Stephen Turner
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Publics, hybrids, transparency, monsters and the changing landscape around science
in Science and the politics of openness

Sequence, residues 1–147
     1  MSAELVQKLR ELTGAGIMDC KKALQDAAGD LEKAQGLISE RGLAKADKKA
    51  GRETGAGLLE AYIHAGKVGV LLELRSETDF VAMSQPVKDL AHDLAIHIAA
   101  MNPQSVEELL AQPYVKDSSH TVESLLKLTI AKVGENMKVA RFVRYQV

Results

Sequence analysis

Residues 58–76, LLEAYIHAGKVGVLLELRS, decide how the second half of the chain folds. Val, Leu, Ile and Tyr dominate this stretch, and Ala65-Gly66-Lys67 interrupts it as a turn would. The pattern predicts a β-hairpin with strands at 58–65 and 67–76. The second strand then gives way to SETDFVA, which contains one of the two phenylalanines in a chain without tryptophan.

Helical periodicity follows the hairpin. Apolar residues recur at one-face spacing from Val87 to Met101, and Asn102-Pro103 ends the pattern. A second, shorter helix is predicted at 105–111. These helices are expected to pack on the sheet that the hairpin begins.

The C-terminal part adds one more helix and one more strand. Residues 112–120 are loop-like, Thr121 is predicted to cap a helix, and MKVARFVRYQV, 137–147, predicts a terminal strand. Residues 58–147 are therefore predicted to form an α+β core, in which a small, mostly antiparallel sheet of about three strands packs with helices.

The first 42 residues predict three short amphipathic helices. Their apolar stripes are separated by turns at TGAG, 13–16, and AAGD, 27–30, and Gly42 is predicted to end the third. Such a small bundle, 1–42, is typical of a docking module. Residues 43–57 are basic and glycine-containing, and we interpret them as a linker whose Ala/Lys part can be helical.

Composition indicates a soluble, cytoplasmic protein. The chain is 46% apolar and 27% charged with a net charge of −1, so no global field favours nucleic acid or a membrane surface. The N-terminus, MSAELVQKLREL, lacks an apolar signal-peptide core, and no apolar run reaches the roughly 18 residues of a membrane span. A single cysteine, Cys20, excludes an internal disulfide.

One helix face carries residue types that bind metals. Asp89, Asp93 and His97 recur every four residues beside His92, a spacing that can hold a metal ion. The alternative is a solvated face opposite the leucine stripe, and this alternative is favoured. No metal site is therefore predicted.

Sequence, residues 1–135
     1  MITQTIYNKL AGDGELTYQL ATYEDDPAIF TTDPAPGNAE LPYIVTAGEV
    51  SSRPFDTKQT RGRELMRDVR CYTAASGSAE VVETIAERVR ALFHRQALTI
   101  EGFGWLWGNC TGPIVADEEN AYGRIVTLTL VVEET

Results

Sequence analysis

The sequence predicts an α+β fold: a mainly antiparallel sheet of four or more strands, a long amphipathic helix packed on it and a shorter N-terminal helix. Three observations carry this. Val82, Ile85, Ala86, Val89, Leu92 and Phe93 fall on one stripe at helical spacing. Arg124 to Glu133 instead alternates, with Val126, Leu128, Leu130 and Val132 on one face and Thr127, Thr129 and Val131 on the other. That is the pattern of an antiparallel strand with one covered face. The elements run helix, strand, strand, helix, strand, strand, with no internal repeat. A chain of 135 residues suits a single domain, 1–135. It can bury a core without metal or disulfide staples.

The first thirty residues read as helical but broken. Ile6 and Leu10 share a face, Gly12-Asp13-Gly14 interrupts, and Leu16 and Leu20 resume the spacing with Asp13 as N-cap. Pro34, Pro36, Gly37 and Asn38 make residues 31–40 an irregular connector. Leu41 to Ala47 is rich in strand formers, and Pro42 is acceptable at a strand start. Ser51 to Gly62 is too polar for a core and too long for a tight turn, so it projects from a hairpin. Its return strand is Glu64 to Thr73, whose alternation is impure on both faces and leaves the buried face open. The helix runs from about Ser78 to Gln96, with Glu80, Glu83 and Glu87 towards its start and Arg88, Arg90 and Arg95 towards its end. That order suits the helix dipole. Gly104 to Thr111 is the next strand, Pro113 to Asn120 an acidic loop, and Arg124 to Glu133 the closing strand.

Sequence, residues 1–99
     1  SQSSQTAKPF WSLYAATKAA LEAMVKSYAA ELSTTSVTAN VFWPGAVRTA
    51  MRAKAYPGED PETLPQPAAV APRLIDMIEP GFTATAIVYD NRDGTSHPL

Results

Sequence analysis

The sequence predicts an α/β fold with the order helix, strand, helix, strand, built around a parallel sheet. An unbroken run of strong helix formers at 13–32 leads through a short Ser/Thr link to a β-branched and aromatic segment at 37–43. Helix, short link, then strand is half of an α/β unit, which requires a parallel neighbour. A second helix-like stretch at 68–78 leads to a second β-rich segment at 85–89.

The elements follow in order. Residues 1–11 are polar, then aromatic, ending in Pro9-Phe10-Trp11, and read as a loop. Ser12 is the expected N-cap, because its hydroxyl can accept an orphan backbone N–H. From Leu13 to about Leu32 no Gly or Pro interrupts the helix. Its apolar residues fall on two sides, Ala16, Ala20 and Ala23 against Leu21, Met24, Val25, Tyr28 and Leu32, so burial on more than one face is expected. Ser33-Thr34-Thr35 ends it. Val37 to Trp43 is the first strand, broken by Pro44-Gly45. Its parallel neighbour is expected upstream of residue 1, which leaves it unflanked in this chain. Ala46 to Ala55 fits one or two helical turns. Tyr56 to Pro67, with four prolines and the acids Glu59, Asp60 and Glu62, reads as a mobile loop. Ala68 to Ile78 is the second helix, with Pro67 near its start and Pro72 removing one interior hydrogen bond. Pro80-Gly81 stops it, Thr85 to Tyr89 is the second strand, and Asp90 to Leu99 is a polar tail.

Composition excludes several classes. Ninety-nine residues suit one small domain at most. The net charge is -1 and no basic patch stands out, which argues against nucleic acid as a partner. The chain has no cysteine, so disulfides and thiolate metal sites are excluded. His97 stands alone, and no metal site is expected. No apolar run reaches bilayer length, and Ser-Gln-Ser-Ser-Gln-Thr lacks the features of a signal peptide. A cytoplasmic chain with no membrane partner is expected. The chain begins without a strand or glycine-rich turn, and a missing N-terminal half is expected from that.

Science is changing, rapidly, with respect to its relation to the public, to political and collective goals, and in terms of the organizational structures through which science works. The new forms are not completely unprecedented, because there were earlier periods and situations in which scientists reached out to stakeholders, and tried to engage with and understand publics and politicians in the course of trying to persuade them. But the variety and extent of these activities, and the innovative structures that have been produced, is unprecedented. This volume is a compilation of case studies and theoretical reflections on this new situation, for which there is no good language: the new creations are “monsters.” Openness and transparency is the supposed cure for this sense of the monstrous: it makes science less alien. We can tame these monsters by turning them into ordinary objects of expert knowledge, for example by making “risk” into the sort of thing that can be subjected to a bureaucratic regime, with a hybrid discipline of risk assessment with a special provision for public input. But in the end these devices create new monsters, which are as alien as the old ones.

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